I wrote a short story
That wasn’t really mine
I heard it told by mother
And remembered ev’ry line
It was a school assignment
Waited ’til it was due
Instead, I hung out in the park
And even at the zoo
But then came time to turn it in
And I didn’t have anything written
With a blank page I commenced with my crime
Scribbled those words Mom told many times
I made some creative adjustments
Like changing names of key players
Altered other details until I was done
And placed it with the stack of papers
My teacher was prompt in scoring our stories
The very next day came news of how we had done
She handed back papers with bold grades facing up
But turned my story over with front facing down
“This story is great;
I remember it well.
It’s just like the one
My mother would tell…”
I stayed in for lunch and afternoon recess
To make penance for cheating and pay for my guilt
I wrote a new story about honor and trust
To repair the bad credit that needed rebuilt
I tried to steal someone’s short story
And pass it off as mine
But in my feeble defense
I was only nine.
Check out my other poetry here.
When did common became the goal
And basic standards what we extol
While teachers are given a limited role?
When did everyone have to be on the same page
And students advance according to age
While training them like animals in a cage?
We lowered the bar for all to succeed
Forgetting that people progress at varying speeds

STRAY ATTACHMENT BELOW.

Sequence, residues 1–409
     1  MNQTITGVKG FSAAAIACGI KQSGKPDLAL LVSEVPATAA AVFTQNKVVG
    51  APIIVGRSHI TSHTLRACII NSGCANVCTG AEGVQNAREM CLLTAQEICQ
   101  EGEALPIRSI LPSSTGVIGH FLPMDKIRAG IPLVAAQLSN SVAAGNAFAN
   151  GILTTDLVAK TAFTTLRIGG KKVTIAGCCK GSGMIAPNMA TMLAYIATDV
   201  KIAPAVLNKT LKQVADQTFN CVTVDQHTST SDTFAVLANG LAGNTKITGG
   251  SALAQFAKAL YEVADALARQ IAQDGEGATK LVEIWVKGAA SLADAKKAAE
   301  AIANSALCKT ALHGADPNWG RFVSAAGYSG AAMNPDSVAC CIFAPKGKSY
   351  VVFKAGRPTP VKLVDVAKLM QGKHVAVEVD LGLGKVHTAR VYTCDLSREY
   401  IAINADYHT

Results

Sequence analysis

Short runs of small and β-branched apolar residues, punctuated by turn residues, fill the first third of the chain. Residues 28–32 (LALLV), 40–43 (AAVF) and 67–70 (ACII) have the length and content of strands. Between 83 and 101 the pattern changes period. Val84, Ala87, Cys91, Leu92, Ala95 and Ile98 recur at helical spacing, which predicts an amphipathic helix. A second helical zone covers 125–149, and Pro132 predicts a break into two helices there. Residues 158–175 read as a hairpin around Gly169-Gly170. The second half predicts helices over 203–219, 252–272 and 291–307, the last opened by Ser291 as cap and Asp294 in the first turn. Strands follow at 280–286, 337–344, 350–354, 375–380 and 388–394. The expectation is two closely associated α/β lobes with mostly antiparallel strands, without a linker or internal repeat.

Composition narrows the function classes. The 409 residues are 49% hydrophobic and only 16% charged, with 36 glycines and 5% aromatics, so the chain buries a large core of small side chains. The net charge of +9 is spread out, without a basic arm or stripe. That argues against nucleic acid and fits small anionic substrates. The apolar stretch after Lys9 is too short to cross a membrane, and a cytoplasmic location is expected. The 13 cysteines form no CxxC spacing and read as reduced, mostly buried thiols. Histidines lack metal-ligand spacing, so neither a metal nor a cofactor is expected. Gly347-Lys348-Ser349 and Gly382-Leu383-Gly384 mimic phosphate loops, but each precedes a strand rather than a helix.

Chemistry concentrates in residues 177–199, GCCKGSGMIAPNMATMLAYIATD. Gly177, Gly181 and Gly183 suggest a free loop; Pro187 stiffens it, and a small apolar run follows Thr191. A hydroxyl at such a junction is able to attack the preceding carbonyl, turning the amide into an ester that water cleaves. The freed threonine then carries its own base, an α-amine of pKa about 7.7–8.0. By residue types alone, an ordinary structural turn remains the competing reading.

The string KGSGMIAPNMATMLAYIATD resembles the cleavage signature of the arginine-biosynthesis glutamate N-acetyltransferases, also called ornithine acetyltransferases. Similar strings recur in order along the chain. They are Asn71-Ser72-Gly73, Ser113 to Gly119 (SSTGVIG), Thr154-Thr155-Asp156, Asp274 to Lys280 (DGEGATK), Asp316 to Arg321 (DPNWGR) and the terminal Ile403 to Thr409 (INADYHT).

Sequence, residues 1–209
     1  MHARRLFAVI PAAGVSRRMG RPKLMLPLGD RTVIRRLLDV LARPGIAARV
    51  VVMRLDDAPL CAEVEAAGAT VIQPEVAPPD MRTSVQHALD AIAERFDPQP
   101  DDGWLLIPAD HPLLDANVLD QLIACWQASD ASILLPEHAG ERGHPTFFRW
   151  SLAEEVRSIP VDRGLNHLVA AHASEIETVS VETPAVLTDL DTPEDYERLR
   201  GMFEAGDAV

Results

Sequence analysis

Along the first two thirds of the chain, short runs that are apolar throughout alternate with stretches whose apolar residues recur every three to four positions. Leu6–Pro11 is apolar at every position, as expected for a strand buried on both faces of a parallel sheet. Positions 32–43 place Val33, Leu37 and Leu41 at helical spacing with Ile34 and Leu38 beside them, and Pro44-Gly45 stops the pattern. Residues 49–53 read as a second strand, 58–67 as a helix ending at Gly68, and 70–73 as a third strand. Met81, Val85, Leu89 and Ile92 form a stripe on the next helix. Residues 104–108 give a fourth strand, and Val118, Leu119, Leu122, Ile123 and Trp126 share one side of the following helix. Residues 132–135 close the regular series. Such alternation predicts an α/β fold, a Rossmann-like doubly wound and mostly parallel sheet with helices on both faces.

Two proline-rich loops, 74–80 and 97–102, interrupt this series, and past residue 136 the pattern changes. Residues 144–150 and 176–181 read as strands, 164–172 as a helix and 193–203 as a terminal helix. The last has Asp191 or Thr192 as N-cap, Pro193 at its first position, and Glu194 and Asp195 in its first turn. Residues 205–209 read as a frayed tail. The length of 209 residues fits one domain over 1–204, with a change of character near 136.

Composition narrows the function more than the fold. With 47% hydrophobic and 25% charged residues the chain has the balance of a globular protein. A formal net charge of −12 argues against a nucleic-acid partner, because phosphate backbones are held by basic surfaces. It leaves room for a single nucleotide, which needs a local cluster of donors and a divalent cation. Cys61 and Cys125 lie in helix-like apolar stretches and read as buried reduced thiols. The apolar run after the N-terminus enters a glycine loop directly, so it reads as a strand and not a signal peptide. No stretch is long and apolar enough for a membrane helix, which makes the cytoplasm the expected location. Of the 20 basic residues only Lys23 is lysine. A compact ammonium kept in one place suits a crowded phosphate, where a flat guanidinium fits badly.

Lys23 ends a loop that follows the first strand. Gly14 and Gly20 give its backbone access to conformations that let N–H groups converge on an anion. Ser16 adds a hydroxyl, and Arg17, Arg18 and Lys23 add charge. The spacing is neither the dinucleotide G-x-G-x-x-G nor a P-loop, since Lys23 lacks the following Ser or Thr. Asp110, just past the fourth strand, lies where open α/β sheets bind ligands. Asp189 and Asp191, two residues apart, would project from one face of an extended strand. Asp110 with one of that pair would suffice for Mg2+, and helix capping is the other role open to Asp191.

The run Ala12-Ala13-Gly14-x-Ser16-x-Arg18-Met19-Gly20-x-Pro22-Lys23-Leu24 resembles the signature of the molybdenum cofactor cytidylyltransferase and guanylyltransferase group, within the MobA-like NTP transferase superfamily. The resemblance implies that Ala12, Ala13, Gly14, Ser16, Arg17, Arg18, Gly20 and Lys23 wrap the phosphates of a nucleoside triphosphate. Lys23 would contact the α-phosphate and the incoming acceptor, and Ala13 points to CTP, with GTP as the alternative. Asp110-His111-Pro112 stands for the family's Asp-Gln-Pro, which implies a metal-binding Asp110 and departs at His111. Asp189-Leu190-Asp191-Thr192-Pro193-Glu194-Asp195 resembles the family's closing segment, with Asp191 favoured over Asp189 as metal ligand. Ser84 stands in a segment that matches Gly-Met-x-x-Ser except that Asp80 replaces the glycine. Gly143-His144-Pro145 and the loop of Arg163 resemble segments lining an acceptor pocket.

At the expense of individual needs
We’re training soldiers without any captains
If we don’t develop leaders, what could possibly happen?
We need to change direction—this trend we must flatten.
Engagement begins with authentic choice
And developing individual student voice
Innovation begins by breaking this monotonous pattern.
Author’s note: I wrote this on a day that I was lamenting the loss of teacher autonomy. I mourn for the time when we valued creativity and individuality in our schools. Yes, I agree that we would have standards to meet, but what is the cost of meeting those standards? Instead of reaching standards, shouldn’t the goal be to move beyond them?
Check out my other poems here.
Note: I wrote this for a different blog in August 2019. It was one of my most popular posts, I decided to post it here so it wouldn’t be lost.
I’m two weeks into the new school year, and we have completed loads of activities with my students to assess what needs to be done to make sure that those trusted to my classroom grow at acceptable levels. One startling reality I face each year is this: an increasing number of students insist they don’t read.
Each fall I search for better ways to encourage reading, and each fall I find one or two strategies that reach a few extra students. I’m faced with the reality, however, that the best way to encourage reading is by changing what children see and do in their own homes. So, I ask myself, what can I do to encourage reading is an activity that is encouraged and honored in the homes my students return to after a day at school?
“To learn to read is to light a fire” — Victor Hugo, Les Miserables
I can’t control what happens in other people’s homes, but I can share what my parents did to develop a love of reading.
Helping students become confident independent readers is key for increased success at school, and parents are the main influence in developing confident young readers. I’m sure I will revisit this topic again and share other ways my parents raised six children who all love to read. In the meantime, please drop a comment about your own experiences reading in the home.